The 2022 South Dakota Legislative session ended with several wins in the healthcare column. Out of 551 bills introduced this session, SDAHO actively followed 131 of those bills. Overall, it was a good session for healthcare, as several good pieces of legislation were passed while many others were prevented from passing, which would have negatively impacted the healthcare community.
Medical marijuana was a heavily debated topic throughout the entire session. In the end most of the requested changes made by the healthcare community to legislation regarding medical marijuana were made.
We saw several anti-vaccinations bills this session, including, Senate Bill 211, which was brought on behalf of Governor Kristi Noem. The measure protects an individual’s conscience from entities requiring the COVID-19 vaccine. It was amended early in session, stating the act does not apply to healthcare professionals and the South Dakota National Guard Members. However, by the end of session lawmakers were not able to come to an agreement on the measure, killing it when the conference committee’s report was not adopted.
Our state’s workforce challenges, and housing needs were heavily debated over the past several weeks, resulting in the passage of several bills that will positively impact healthcare workforce challenges and housing needs.
- House Bill 1033 – will provide funding for the housing infrastructure through loans and grants. The South Dakota Housing Opportunity fund will receive general funds in the amount of $150-million dollars, with $50 million additional dollars coming from the American Rescue Plan Act. The dollars will help pay for construction infrastructure costs, which is needed in communities across South Dakota trying to attract workforce, which includes healthcare.
- Senate Bill 43 – authorized the South Dakota Board of Regents to design, renovate and construct an addition onto Black Hills State Universities Rapid City Campus, resulting in a health sciences center. This new center will provide additional space for an increased enrollment numbers in the nursing program. The measure made it all the way to the Governor’s desk where it waits her signature.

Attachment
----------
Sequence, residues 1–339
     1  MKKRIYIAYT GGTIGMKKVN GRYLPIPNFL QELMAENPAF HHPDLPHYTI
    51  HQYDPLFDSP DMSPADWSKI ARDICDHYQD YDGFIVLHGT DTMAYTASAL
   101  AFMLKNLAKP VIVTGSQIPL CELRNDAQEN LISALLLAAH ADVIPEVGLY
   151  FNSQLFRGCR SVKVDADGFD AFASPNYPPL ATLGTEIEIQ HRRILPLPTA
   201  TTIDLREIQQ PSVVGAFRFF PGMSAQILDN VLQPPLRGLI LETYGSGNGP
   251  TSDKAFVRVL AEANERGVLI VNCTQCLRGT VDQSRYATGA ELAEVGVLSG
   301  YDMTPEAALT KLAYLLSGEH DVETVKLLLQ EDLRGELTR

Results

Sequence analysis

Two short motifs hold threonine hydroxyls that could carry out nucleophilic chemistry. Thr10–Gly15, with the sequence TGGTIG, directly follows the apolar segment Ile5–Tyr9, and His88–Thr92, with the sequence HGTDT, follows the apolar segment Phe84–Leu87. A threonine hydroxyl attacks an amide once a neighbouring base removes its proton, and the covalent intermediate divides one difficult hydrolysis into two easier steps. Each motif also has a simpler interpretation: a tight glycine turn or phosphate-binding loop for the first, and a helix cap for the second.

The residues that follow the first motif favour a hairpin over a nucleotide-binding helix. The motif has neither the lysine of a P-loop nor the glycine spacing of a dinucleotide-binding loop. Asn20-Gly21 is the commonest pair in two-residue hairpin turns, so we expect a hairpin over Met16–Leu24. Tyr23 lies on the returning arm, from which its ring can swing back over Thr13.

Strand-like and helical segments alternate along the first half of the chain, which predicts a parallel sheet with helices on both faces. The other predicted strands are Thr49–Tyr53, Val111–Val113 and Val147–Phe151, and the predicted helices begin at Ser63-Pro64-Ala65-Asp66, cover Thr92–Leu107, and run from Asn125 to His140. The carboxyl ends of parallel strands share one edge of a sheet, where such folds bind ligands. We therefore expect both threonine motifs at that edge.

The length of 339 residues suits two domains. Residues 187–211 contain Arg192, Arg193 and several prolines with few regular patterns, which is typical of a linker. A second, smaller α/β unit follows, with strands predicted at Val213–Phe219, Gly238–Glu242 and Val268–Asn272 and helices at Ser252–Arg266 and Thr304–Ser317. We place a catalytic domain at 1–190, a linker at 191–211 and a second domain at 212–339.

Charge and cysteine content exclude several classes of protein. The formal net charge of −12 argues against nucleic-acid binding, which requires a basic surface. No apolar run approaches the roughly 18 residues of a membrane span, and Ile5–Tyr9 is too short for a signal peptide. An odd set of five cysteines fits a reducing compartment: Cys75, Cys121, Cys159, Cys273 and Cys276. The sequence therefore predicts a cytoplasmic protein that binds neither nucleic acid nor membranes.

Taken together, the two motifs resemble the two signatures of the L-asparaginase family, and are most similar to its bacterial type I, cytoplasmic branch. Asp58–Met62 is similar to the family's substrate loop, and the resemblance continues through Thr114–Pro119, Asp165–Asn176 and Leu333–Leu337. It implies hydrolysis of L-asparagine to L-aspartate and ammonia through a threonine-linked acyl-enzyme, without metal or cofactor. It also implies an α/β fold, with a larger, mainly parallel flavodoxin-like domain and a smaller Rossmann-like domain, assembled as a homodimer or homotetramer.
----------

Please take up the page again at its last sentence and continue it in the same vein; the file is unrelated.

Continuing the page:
- Senate Bill 44 – allows for the demolition of Briscoe Hall and the existing Lincoln Hall at the Campus of Northern State University and the design and construction of a new Lincoln Hall, which will allow for an expansion of the SDSU College of Nursing, at the Aberdeen site.
- Senate Bill 55 will provide $50-million dollars in federal funds to be used for grants for the continued expansion of broadband across South Dakota. With an increased need for telehealth services, these funds will be put to good use.
Ivermectin received attention this session in the form of House Bill 1267. The Bill would have allowed for certain medical professionals to dispense the drug to individuals. SDAHO spoke in opposition of the bill in both house and senate committee hearings. After making its way through the House side, members of the Senate Health and Human services committee killed it on a 7 to 0 vote.
There were several other key issues debated in Pierre that will impact the healthcare community. These measures have passed both the House of Representatives and the full Senate, and have been delivered to the Governor for final approval.
- House Bill 1030 – will provide funding to continue the healthcare recruitment assistance program.
- House Bill 1038 – establishes an opioid abatement and remediation fund.
- House Bill 1086 – will provide for the redistribution of donated prescription drugs and medical supplies.
- House Bill 1123 – establishes licensure for rural emergency hospitals.
- Senate Bill 93 – revises certain provisions related to the use of epinephrine and supraglottic airway devices by ambulance services.
- Senate Bill 136 – revise and clarify certain processes for emergency detainment related to drug and alcohol abuse.
Last, Governor Kristi Noem announced during her Budget Address a recommended 6% increase for Medicaid providers, which was approved by lawmakers. In addition to the increase, the legislature agreed to an additional $10.2 million dollars in one-time funding that will go to long term care facilities with a higher Medicaid percentage.
Lawmakers will return to Pierre on March 28 to consider any gubernatorial vetos, for the latest up-to-date information, visit the SDAHO Bill Tracker.